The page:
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Attorneys argue over Devil’s Diciples sentencing issues

Federal prosecutors argued Monday that potential life sentences are warranted for former members of a Clinton Township-based motorcycle club primarily convicted of racketeering, drug and other offenses.



Assistant U.S. Attorneys Saima Mohsin and Eric Strauss contend the ex-members of the Devil’s Diciples Motorcycle Club were part of a criminal enterprise that sold well beyond the 500 grams of methamphetamine they were convicted of selling, and that they committed violent acts, including murder and attempted murder, that should put them behind bars for the rest of their lives.



“The Devil’s Diciple’s encouraged drug use, proliferated it and supplied it,” Mohsin told Judge Robert Cleland in U.S. District Court in Port Huron during an approximately three-hour hearing. “Using methamphetamine was at the very core of this organization.”



Cleland said from the bench it appeared the government met its burden to show more than 500 grams was produced for sale and use.



Mohsin also said club members used whatever violence was necessary to dole out discipline to rules breakers and to seize the motorcycles of members who left the club.



“This was all about being the judge, jury and executioner when it comes to their law, their property,” she said.



The hearing was held as part of ongoing arguments of eight men convicted of various charges following two trials in U.S. District Court in Detroit for their activities associated with the club, which was based at a clubhouse west off Gratiot Avenue just north of Mount Clemens.



Five were convicted of racketeering –- under the Racketeer Influenced and Corrupt Organizations Act — after an 18-week trial in late 2014 and early 2015 and one month of jury deliberations and conspiracy to make and distribute methamphetamine. They were DDMC president Jeff “Fat Dog” Smith of Mount Clemens, vice president Paul “Pauli” Darrah of Macomb Township, Dale “Gun Control” Vandiver of Alabama, Vincent “Holiday” Witort of California and Patrick “Magoo” Mckeoun of Alabama. They are all in their 50s or 60s. Smith, Darrah and Vandiver were convicted of various other lesser charges.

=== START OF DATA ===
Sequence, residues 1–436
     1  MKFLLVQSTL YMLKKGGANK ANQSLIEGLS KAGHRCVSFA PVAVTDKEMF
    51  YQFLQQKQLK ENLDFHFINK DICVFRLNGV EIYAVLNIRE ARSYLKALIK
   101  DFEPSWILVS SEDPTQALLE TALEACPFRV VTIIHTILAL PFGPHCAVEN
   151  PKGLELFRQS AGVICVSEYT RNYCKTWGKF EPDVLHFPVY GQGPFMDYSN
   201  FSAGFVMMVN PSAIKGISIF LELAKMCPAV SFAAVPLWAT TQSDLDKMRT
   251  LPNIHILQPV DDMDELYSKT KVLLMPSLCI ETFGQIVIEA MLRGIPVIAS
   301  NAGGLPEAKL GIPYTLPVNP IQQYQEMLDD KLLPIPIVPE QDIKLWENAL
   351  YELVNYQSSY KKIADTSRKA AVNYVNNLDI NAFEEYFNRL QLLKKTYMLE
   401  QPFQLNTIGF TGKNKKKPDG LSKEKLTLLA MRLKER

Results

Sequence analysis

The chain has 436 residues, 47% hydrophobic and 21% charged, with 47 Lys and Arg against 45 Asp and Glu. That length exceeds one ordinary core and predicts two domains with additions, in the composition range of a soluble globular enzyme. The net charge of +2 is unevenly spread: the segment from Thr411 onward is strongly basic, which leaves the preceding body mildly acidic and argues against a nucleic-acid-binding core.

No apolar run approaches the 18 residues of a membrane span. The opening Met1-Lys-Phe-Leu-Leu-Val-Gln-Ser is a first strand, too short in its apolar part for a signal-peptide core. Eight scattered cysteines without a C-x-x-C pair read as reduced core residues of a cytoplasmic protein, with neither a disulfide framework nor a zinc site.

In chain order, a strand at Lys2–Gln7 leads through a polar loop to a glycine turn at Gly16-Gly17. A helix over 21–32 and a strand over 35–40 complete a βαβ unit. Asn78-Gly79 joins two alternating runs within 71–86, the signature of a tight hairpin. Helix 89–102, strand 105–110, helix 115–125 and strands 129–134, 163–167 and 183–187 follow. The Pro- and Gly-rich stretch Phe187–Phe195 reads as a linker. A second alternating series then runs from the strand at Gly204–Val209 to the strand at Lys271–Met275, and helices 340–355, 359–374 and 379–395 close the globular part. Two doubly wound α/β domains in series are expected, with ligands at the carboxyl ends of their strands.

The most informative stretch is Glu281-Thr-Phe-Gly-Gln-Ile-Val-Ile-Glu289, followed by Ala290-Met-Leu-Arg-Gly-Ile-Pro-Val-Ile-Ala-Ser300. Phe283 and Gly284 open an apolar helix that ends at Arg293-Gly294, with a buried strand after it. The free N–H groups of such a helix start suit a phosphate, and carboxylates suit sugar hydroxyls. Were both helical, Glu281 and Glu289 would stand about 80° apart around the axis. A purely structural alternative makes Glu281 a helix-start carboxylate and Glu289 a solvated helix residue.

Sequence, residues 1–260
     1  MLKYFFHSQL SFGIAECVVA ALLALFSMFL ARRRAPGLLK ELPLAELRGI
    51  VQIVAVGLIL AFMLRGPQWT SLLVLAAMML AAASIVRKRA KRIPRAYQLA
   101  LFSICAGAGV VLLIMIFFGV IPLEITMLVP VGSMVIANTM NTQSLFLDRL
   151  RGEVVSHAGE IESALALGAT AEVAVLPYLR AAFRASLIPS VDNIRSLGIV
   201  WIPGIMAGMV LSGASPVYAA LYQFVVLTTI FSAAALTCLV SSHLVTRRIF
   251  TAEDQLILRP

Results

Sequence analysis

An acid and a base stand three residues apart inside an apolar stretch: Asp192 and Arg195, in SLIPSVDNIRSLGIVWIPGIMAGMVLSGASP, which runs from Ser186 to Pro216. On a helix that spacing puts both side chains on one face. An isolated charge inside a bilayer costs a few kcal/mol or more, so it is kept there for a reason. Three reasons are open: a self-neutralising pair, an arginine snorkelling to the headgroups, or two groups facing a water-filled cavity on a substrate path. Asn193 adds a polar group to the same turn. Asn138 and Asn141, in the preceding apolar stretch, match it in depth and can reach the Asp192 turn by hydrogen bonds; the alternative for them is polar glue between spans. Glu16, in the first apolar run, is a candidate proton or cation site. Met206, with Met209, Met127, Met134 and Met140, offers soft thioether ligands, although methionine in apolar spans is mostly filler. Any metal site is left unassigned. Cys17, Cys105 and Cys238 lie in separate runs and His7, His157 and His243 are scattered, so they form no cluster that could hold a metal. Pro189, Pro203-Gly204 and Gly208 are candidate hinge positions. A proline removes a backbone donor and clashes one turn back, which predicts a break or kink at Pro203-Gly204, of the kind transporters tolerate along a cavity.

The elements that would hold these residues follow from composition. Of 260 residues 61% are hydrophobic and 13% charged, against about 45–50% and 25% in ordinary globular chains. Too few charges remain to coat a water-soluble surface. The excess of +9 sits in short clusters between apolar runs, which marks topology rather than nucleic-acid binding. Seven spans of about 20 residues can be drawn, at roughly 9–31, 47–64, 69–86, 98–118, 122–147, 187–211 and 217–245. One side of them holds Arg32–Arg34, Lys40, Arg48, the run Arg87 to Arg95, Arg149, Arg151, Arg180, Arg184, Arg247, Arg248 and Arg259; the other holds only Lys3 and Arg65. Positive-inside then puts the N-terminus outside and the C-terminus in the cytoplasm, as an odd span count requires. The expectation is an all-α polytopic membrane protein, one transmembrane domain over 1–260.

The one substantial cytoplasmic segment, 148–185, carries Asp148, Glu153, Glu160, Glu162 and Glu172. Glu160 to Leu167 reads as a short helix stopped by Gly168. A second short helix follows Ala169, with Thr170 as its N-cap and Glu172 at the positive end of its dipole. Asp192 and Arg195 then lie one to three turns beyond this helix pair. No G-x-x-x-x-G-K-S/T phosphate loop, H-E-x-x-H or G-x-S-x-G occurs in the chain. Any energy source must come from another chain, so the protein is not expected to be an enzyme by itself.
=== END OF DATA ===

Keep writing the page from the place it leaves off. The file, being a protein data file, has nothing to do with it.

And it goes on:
Following a second trial in late 2015, Victor “Vic” Castano of Warren, Michael “Tatu” Rich, of Anniston, Ala., and David “D” Drozdowski of Fair Haven, who also participated in the first trial, were also convicted of racketeering. Castano and Rich were convicted on suborning perjury, obstruction of justice and conspiracy to obstruct justice. Castano and Drozdowski were found guilty of engaging in a methamphetamine trafficking conspiracy, while Drozdowski was found guilty on a separate count of manufacturing meth. Castano also was convicted of marijuana trafficking conspiracy. The convicts have been incarcerated for several years, some since 2012.



Five of the convicts face minimum terms of 10 years in prison while Castano and Drozdowski face a 20-year minimum due to a prior drug conviction. Rich is the only defendant who does not face a minimum term.



All of the convicts waived their right to attend the hearing, which was attended by their attorneys.



The U.S. attorneys filed a several-hundred page legal brief on the issues that was sealed by the court. The defense attorneys responded with a 36-page brief.



Cleland said he will also accept legal briefs from the attorney or attorneys for each convict tailored to their individual case to determine their term.



Sentencings could be held by the end of the year.



In their counter arguments, defense attorneys contend methamphetamine was mostly made, sold and used independently from the club.